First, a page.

And keep in mind, the new brake pad will do a decent job of machining the rotor for you

Doug

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post #12 of (permalink) Old 08-26-2016
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Quote:
Originally Posted by plano-doug View Post
It seems like, while keeping all my fleet in service, that we only get the warning squeal from the sensor about half the time. All too often, we don't know about it until they start grinding.

When I put new pads on, I inspect them to be sure the sensor is positioned properly so that it will engage the rotor BEFORE the pad is paper thin. But my kids still bring me cars with chewed up rotors.

I do seem to recall one situation where, when I asked about squealing, one of my kids replied, "It did it for a while, but then it stopped, so I figured it had fixed itself."

Doug

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I fear the day the wife pulls this one on me....UGH!!!!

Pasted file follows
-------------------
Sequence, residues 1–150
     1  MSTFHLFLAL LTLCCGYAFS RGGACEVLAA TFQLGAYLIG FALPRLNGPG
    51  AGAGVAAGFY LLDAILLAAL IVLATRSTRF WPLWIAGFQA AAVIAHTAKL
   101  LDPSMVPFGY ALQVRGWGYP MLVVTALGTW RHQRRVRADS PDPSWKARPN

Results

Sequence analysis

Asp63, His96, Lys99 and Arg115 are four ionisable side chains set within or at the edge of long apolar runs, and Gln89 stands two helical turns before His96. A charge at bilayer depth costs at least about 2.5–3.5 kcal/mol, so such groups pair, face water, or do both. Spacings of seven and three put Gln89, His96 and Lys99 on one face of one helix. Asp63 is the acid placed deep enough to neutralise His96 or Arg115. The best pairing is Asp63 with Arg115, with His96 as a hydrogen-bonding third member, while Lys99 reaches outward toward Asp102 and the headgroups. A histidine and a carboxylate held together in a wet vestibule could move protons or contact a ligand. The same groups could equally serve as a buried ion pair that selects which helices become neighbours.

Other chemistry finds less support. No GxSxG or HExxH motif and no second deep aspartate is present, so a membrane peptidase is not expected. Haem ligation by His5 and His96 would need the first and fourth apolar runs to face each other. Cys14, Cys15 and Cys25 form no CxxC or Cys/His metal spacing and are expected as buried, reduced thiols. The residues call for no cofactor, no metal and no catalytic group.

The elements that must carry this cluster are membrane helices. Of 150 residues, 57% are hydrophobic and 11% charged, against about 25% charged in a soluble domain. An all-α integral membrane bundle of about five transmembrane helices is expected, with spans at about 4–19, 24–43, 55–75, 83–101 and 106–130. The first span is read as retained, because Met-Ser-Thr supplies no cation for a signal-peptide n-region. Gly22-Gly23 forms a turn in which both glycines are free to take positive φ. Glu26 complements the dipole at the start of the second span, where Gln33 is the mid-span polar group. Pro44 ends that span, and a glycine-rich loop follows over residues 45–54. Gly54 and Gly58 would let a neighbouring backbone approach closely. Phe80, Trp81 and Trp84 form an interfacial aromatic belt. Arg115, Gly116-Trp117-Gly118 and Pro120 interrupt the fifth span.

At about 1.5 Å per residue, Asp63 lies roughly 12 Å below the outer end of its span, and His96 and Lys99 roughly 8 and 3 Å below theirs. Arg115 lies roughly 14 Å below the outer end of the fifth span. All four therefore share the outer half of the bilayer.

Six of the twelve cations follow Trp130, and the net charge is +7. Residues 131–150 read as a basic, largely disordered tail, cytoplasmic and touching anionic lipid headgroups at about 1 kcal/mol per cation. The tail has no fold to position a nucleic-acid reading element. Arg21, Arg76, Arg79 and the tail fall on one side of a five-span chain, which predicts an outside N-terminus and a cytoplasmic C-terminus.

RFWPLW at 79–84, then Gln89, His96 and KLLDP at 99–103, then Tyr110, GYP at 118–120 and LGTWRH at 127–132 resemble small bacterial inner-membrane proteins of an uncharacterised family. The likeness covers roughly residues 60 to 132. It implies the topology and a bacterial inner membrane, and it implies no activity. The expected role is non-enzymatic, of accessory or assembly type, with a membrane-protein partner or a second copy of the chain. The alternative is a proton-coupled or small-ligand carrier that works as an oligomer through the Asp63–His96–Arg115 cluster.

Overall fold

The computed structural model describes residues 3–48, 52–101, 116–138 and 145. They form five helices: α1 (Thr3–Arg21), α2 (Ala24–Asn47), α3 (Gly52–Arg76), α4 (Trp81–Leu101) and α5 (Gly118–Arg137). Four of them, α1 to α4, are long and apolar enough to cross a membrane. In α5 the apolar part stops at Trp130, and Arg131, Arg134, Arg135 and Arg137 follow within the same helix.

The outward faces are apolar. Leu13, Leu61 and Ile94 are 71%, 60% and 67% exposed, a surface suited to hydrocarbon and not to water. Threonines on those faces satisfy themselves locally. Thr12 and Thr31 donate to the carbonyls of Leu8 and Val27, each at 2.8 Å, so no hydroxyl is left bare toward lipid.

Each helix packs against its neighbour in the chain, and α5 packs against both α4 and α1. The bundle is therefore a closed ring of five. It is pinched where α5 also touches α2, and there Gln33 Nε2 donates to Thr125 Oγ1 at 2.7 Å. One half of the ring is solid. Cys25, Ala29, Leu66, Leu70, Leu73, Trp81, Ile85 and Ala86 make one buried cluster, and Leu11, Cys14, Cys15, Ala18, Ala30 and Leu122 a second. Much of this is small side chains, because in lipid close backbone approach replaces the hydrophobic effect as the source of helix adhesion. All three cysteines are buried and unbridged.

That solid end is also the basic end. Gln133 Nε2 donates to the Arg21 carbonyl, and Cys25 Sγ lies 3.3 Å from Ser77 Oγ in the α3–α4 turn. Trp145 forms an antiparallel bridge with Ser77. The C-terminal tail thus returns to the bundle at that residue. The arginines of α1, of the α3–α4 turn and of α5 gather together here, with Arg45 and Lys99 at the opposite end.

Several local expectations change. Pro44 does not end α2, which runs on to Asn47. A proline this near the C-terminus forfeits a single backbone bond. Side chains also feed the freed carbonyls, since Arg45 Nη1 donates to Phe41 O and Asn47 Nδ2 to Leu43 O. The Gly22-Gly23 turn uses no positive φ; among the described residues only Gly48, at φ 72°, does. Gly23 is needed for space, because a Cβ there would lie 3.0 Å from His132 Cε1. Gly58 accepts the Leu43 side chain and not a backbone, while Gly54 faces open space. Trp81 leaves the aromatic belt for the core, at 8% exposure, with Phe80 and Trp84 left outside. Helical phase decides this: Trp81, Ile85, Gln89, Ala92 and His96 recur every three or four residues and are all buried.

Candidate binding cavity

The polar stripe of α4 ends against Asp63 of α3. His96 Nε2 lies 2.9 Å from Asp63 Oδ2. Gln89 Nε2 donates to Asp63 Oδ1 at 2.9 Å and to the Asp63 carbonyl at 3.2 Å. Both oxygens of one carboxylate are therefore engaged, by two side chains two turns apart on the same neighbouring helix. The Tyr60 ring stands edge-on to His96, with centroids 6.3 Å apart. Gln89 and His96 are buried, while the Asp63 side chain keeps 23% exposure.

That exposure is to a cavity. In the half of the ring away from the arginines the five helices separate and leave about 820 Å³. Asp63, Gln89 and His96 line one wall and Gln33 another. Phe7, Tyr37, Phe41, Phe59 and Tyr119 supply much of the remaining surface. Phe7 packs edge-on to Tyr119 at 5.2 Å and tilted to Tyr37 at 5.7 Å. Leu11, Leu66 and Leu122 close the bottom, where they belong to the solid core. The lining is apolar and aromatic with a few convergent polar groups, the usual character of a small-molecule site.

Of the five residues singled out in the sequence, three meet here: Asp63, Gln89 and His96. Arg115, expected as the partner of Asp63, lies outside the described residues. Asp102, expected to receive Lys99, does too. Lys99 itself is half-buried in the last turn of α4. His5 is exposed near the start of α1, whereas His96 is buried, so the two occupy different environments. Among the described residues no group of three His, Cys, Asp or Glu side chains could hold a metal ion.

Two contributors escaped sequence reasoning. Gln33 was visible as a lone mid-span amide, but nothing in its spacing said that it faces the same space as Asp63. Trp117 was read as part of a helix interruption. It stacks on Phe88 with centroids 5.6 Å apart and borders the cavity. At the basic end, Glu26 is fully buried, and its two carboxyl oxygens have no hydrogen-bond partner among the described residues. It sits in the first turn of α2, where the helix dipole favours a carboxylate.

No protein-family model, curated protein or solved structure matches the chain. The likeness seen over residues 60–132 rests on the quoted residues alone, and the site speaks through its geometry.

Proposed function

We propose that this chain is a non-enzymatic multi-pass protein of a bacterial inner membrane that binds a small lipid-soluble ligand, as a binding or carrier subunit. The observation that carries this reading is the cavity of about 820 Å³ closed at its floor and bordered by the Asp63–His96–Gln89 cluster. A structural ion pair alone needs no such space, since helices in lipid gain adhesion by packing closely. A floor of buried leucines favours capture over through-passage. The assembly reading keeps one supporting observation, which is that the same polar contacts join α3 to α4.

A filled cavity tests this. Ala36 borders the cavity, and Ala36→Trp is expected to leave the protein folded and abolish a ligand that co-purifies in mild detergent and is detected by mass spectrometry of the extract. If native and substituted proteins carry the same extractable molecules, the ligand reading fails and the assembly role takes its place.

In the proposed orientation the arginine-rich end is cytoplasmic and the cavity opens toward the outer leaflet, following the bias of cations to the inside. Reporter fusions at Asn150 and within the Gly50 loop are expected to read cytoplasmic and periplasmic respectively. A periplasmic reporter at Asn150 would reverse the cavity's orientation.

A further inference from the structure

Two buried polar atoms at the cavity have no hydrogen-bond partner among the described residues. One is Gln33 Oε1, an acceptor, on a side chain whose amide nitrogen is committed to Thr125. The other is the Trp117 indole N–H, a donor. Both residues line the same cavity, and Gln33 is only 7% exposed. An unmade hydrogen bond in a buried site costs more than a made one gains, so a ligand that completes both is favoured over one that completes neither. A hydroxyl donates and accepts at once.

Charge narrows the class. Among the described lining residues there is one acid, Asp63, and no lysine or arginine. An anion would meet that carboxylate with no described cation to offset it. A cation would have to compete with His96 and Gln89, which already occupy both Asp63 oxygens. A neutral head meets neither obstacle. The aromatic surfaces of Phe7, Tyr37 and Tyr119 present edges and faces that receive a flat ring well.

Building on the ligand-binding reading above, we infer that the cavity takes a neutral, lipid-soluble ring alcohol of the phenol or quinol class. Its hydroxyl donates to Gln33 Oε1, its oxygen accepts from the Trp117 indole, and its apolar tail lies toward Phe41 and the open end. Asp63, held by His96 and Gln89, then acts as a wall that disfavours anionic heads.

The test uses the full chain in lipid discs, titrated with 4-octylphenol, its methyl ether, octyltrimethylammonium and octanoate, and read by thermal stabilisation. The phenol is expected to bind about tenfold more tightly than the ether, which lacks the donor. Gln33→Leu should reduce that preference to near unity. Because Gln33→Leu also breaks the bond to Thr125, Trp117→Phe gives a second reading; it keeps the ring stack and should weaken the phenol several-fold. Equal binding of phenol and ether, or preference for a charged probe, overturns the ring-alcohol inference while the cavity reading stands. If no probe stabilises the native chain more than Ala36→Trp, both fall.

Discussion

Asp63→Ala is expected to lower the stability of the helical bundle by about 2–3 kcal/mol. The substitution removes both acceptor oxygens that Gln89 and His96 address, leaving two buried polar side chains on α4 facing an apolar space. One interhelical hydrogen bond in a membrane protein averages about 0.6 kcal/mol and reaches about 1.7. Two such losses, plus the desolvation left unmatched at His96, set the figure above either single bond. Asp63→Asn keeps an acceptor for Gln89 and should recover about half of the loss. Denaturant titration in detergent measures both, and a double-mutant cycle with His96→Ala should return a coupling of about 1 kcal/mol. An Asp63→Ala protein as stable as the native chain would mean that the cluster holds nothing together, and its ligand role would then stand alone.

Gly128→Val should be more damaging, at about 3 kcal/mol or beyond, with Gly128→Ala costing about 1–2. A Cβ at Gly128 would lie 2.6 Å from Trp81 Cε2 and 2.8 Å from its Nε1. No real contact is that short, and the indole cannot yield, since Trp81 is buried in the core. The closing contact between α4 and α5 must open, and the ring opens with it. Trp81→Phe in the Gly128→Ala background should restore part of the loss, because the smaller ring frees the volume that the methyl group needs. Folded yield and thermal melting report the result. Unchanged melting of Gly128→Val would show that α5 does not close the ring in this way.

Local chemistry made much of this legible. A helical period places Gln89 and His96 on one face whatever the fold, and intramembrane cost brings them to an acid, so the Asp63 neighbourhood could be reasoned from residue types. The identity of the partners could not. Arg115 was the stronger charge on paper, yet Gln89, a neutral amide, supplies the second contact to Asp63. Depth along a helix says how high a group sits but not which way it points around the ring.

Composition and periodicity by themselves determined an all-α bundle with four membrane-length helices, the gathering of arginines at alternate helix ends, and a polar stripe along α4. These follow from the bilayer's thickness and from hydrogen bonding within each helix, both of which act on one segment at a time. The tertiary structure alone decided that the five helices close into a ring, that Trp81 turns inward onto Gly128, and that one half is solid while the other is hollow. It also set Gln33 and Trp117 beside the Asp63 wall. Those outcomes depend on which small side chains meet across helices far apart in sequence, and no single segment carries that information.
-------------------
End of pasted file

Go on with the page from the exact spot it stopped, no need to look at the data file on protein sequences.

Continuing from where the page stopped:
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post #13 of (permalink) Old 08-26-2016 Thread Starter
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Quote:
Originally Posted by plano-doug View Post



If it really needs machining and you don't do it, there won't be any catastrophic failures. You'll get some brake noise, and maybe some pulling. That's about all.



And keep in mind, the new brake pad will do a decent job of machining the rotor for you



Doug



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Music to my ears... Appreciate the advice


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post #14 of (permalink) Old 08-26-2016
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Quote:
Originally Posted by Joes74challenger View Post
I fear the day the wife pulls this one on me....UGH!!!!

It will happen, trust me.

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post #15 of (permalink) Old 08-26-2016
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You may also go through brake pads faster if the rotor is chewed up. Personally, I'd either replace the rotor or have it cut (aka "turned"). Just my opinion though!